Archive | 2014, June | (4) posts

Important judgement on business method patent in the United States

On 20 June 2014, the U.S. Supreme Court handed down an important decision, Alice v. CLS Bank, clarifying the extent to which business methods can be patented. The earlier stages of the proceedings have been well covered in the media as this is one of relatively few times the Supreme Court has interpreted 35 U.S.C. § 101, with a potential to shape the future of computer-implemented inventions in general. Some of the claims at issue were actually not explicitly drawn to computer implementations or software, but the Court alleges it has considered the claims with an understanding that they “require generic computer implementation.”

One of Alice’s claims is found here, and the full judgement here. From the explosion of analyses by local practitioners, we were particularly impressed by 1, 2 and 3 and recommend them to you.

The judgement affirms the lower-instance judgment, which in turn is in keeping with current practice in the USPTO. In brief, the Court decided to revoke Alice’s patent because the method claims were allegedly directed to an “abstract idea” whose implementation was too generic to transform the idea into a patentable invention. The computer system and storage media claims were refused for the same reason; possibly the decision would have been different had the claims recited more implementation details. The language may be problematic to practitioners: just how abstract is an “abstract idea”? and is a programmable computer too “generic”? The challenging task of steering clear of “abstract ideas” and “generic implementation” is illustrated by the allowed and rejected claims from previous Supreme Court judgements: compare, in the same claim tableFlook and Diehr.

The present case highlights the limited usefulness of the concept “software patents.” While patents covering software typically cause little or no public debate when granted for inventions in conventional technology, software realizing business methods is more controversial. As shown by an overwhelming majority of the submitted amicus curiae briefs in Alice, the IT industry has a keen desire to dissociate itself from the “plague of abstract computer-related patents”, as the brief by Amazon, Google and others puts it. The brief cites Bill Gates in 1991 (in another court case), where he claims the software industry would have been at a “complete standstill” if the early inventors had applied for all the patents they could. The statement illustrates not only that the USPTO has become more stringent, but also reminds us of the much higher IP awareness in Mr Gates’ industry today, which has had to get used to – and benefit from – the existence of patents just like in other technical fields.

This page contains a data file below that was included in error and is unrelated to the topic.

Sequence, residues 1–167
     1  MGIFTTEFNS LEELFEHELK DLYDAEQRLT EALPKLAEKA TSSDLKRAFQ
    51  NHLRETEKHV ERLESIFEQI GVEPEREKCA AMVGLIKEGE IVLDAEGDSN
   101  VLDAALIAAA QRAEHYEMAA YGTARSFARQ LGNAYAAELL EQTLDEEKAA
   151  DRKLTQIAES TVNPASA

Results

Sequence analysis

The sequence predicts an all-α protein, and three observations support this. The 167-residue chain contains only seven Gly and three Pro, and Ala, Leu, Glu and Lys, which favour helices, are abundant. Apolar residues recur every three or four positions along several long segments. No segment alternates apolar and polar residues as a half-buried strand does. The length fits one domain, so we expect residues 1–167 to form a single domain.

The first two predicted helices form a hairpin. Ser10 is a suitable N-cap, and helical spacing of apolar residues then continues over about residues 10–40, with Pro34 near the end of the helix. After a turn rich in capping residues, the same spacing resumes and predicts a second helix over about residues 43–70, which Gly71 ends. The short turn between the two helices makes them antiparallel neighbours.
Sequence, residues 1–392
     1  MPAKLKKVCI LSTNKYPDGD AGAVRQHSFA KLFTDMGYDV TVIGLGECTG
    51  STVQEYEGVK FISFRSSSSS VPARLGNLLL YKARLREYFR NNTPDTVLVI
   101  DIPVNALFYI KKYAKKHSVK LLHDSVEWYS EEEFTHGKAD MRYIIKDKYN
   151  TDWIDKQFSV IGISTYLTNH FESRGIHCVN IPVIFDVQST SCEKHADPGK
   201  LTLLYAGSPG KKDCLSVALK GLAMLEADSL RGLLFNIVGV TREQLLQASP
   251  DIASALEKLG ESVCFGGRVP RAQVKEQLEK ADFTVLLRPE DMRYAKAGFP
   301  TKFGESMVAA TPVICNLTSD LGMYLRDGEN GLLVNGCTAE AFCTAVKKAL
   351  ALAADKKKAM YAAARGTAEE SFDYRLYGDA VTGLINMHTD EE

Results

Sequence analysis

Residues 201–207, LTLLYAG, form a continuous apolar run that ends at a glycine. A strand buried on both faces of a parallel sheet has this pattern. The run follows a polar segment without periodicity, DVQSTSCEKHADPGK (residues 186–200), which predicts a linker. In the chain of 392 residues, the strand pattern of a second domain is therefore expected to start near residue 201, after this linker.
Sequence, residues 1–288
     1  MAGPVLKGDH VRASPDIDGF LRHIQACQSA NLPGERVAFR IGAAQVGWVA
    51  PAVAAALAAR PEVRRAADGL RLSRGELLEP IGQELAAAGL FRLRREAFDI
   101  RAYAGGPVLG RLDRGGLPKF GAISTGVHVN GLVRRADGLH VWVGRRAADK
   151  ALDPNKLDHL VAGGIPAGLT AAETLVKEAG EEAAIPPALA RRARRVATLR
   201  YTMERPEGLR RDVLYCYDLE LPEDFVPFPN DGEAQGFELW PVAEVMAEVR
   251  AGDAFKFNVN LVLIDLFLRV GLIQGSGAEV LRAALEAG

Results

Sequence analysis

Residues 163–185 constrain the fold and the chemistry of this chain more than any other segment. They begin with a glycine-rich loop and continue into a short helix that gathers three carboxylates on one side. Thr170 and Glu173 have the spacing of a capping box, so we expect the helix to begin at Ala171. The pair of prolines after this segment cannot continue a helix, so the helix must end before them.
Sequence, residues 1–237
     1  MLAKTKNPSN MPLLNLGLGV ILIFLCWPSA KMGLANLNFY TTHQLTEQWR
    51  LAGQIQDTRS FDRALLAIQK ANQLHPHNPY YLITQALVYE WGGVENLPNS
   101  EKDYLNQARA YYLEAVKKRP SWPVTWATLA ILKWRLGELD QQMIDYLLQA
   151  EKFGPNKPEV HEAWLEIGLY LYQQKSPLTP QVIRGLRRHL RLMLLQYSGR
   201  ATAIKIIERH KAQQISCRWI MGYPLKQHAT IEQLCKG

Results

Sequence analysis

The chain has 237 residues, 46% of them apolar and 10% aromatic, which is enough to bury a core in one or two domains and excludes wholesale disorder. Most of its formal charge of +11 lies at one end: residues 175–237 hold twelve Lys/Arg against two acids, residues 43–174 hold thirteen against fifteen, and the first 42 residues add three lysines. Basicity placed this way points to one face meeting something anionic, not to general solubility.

As European practitioners, we regularly ask American patent attorneys to prosecute our applications before the USPTO, making it essential for us to keep our drafting practices up-to-date, to be able to present the invention from the right angle and in all required detail. Unlike judgements like Bilski (2010), the Alice case represents no sudden change but will probably be received as a sign that the practice has stabilized. With its insistence on technical improvement, the Alice judgement in fact lands its conclusions rather close to the current European examination practice, despite its very different legal starting point.

The judgement should be reassuring also to Japanese applicants, whose applications are normally drafted to convince the JPO examiner that “information processing by software is concretely realized by using hardware resources” (JPO Guidelines, part VII), sometimes rephrased to mean that the implementation is “particularly suitable for a use purpose”. This intention should also limit abstraction and genericness.

Anders Hansson and Joacim Lydén, European Patent Attorneys

Patenting software in the US

On June 11, 2014 Awapatent hosted a seminar about software patenting in the US. The seminar was arranged by Danish-American Business Forum (DABF). US patent Attorney Eric S. Barr from Sughrue Mion PLLC was invited to give a talk about recent developments within this field. Eric gave a very informative and inspiring talk where he among other things provided valuable information about the two US Supreme Court Decisions: Limelight v. Akamai and Nautilus v. Biosig both of which have been decided within the last two weeks.

I provided a talk about patentability of software in Europe with a focus on the difference between EP and US practice. The seminar was concluded by a very interesting case presented by Peter Wilmar Christensen. Peter is GM for Europe and Co-founder of Greenwave systems. Peter talked about the value software patents provides for Greenwave systems and also shared the experiences he has obtained from in his earlier career. There were a lot of questions and a good atmosphere.